BERLIN (Reuters) - Germany’s transport minister has urged the European Commission in a letter to review its stringent limits on nitrogen dioxide pollution, saying some doctors are questioning their health merits, mass-selling Bild reported.
In his letter, Andreas Scheuer urged the bloc’s Transport Commissioner Violeta Bulc to review the current limit on nitrogen dioxide (NOx) pollution, which should not exceed 40 micrograms per cubic meter of air on average.
The transport ministry could not be reached for comment.
Scheuer’s letter reflects concerns among some politicians that stricter emissions rules set in place as a reaction to the fallout from the Volkswagen emissions cheating scandal could harm Germany’s car industry.
Volkswagen’s admission in 2015 that it systematically hid illegal pollution levels from regulators has unleashed a legal push by green groups for vehicle bans in cities and forced the government to set a framework for carmakers to upgrade exhaust emissions filtering systems on older diesel cars.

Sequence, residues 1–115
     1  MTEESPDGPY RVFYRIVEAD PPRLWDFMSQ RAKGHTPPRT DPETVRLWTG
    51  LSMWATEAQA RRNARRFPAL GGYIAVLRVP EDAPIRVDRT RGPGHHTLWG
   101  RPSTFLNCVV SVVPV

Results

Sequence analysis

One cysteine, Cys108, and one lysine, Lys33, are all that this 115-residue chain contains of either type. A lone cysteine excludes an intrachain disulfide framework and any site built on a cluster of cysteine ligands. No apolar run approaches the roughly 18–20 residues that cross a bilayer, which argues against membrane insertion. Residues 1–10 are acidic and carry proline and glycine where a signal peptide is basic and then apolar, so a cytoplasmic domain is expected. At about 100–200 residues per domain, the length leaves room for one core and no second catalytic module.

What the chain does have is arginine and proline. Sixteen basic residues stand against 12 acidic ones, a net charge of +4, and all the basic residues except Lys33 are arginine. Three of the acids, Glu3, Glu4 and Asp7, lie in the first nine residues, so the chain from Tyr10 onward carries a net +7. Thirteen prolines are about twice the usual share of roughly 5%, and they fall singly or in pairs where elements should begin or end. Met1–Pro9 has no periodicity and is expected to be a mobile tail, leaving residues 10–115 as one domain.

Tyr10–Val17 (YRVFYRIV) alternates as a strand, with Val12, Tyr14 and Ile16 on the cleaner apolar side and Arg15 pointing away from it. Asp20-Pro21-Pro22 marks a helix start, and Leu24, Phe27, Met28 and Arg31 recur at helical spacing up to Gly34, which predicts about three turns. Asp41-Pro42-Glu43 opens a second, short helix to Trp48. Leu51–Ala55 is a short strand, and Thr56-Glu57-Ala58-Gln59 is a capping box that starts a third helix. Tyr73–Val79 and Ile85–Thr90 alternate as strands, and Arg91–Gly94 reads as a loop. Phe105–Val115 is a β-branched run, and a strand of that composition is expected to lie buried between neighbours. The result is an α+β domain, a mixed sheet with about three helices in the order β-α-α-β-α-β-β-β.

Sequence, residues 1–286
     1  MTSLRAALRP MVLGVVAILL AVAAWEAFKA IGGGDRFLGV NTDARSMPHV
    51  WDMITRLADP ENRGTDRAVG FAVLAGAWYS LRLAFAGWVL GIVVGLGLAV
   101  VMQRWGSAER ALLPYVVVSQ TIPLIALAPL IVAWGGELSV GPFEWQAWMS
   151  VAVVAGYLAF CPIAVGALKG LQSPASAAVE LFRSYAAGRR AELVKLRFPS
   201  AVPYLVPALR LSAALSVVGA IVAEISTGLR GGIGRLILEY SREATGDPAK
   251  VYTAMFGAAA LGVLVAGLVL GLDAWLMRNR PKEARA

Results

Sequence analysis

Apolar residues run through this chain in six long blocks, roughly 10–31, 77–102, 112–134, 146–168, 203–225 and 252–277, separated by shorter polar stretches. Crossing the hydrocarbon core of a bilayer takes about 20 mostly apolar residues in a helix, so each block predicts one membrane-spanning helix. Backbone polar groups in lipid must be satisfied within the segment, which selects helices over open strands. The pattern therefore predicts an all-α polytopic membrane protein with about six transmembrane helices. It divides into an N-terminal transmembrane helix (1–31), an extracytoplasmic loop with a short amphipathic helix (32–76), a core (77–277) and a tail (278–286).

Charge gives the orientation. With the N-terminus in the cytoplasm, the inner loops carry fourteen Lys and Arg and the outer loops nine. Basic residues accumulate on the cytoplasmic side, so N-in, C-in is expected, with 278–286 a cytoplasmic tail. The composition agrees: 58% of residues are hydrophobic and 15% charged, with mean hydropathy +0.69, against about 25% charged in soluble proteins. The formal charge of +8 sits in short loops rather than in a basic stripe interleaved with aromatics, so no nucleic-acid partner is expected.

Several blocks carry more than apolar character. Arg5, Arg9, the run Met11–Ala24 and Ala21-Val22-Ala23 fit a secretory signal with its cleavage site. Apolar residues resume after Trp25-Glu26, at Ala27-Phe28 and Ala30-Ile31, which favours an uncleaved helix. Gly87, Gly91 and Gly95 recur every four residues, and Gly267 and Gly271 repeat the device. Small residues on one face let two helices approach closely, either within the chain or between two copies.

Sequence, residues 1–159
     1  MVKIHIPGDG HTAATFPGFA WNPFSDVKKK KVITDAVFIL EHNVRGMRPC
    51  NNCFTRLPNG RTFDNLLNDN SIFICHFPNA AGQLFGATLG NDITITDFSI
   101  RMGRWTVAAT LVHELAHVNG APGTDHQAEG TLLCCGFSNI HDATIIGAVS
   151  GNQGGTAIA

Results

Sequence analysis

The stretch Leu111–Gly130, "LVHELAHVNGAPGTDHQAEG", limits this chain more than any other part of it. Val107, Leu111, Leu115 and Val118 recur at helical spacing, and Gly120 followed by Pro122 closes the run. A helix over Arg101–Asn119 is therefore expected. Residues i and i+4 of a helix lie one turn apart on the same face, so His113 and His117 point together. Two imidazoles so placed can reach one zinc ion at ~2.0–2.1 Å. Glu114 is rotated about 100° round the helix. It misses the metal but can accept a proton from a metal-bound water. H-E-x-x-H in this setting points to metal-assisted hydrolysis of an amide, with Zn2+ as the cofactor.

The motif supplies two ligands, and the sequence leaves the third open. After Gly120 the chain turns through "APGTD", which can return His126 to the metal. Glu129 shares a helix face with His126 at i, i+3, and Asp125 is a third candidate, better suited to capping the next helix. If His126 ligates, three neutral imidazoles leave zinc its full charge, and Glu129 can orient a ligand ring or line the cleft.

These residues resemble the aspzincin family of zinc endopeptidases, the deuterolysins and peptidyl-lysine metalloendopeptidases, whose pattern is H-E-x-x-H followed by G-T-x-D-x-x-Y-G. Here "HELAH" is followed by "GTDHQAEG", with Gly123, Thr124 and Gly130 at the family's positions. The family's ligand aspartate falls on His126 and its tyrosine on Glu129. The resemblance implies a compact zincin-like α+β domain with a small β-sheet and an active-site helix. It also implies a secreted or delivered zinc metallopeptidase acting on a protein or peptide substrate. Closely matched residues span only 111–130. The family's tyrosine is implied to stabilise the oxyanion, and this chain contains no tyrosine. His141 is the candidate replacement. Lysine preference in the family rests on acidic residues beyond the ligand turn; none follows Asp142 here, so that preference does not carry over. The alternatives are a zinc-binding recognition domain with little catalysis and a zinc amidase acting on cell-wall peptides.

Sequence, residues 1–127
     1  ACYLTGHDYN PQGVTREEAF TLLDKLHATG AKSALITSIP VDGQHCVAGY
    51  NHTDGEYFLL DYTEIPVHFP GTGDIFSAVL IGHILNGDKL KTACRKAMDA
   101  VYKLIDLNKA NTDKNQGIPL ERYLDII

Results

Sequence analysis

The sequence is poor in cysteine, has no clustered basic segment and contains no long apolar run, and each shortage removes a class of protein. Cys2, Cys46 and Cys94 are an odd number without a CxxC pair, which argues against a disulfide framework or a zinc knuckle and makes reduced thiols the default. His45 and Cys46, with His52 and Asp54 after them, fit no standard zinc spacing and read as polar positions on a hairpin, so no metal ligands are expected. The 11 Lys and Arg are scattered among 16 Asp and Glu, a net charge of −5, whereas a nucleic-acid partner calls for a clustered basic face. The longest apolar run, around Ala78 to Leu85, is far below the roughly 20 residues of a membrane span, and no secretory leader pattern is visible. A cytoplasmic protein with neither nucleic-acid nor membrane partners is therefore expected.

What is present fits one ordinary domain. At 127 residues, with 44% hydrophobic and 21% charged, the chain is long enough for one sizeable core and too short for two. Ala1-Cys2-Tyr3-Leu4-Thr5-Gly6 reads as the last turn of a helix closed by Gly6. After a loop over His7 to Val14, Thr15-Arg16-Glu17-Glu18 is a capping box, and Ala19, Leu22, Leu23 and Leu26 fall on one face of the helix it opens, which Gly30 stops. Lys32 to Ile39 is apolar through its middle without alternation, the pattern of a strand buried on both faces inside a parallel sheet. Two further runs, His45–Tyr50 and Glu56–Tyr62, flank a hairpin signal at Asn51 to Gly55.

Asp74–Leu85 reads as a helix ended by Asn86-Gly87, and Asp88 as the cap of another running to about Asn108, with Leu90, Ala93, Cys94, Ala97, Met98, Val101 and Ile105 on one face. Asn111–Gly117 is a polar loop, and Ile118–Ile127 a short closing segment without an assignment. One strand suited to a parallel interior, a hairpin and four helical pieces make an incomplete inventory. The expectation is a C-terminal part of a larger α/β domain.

Subsequent studies have shown the true levels of NOx, which is emitted more abundantly by diesel vehicles than petrol engines.
“There are increasing voices in the German medical profession who are casting doubt over the scientific basis for the average of 40 micrograms per cubic meter of nitrogen dioxide in the EU,” Scheuer wrote according to Bild.
A German court ruled last year that cities can ban the most heavily polluting diesel cars from their streets, a decision that could accelerate the demise of the combustion engine.
Reporting by Joseph Nasr; Editing by Hugh Lawson
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